Mario movie exceeds the hype


Photo by Ethan Glick.

Ava Wittman, Co-Editor-In-Chief

We are living in a golden age of cinema, with much to enjoy and look forward to; The Barbie Movie, The D&D movie, Puss in Boots, just to name a few, and, as we are here to discuss, The Super Mario Bros Movie is absolutely no exception. 

When The Wolf made the decision to review the Mario movie this issue, frankly I was ecstatic to write what I assumed would be an entirely-ironic, absolute-joke of a review. My expectations were admittedly incredibly low. I was expecting a technically-enjoyable movie because of the hype and nostalgia, but objectively terrible as a cinematic experience, a real The Hangover 3 type movie, which happens to be the best kind of movie to write a review for. This is why my excitement only skyrocketed when seeing the 56 percent critics score.

This is why, dear reader, I am shocked to deliver the news that The Super Mario Bros Movie is perhaps, possibly, the greatest movie of all time. 

From the moment, the very first moment, Mario appeared on screen, and the entirely, almost-violently-American voice of Chris Pratt left his lips, I knew this movie was gold. 

It may sound like I am pulling your leg, and this is admittedly laying it on a little thick, but this movie is genuinely fantastic; it is nostalgic, it is fun, the soundtrack is phenomenal, the cast is star-studded from Jack Black to Anya Taylor Joy, the plot is enjoyable, the humor is light and executed perfectly, the animation is stunning, the references are well-placed and thoughtful and, perhaps most importantly, it is entirely self-aware.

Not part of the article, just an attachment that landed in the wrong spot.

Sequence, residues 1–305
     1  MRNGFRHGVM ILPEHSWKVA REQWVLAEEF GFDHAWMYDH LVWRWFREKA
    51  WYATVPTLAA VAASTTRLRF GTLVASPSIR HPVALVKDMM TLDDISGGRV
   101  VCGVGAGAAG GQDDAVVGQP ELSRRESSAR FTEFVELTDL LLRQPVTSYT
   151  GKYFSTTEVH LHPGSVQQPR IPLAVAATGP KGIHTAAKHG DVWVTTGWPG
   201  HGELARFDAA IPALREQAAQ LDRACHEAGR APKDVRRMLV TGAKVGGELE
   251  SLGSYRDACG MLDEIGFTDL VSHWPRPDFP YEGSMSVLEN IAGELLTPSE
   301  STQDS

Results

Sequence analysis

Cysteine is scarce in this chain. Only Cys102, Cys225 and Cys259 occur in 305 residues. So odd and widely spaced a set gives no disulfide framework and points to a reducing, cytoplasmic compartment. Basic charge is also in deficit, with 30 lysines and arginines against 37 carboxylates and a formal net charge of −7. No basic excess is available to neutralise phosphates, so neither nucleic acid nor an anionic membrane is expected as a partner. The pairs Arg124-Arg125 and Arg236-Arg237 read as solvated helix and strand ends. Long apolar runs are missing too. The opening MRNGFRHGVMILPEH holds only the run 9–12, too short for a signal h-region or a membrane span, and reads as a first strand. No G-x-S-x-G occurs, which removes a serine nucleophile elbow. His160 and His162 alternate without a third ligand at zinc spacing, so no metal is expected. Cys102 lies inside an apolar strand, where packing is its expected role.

This movie knows exactly what it is – a joke. Not in the sense that it is a bad movie, but in the sense that it is a movie made for a generation that grew up on the games and whose sense of humor is taking on a new absurdist nature. The movie not only acknowledges this fact, but entirely plays into it, which makes it not only entirely entertaining, but also holistic within itself. It does not feign to be part of something larger. It is a movie about Mario, and that is all it tries to be. As cinema increasingly tries to be a part of something larger, as the notion that everything we experience is art and everything has value and meaning is continuously crammed down the throats of movie-goers, something entirely aware of what it is and its objective to entertain, and aims to just be that – to exist for the sole purpose of thoroughly entertaining its audience – is incredibly refreshing and enjoyable. 

Genuinely, I don’t think I stopped smiling a single time during the 90 minutes I spent in my chair, and sometimes the laughter in the theater was so uproarious you could not hear the film. 

I went to the theater to be entertained, and for 90 wonderful minutes all I did was watch the characters I loved in childhood fight the villains they always do, and all I was, was a person in a movie theater watching a movie. No notes.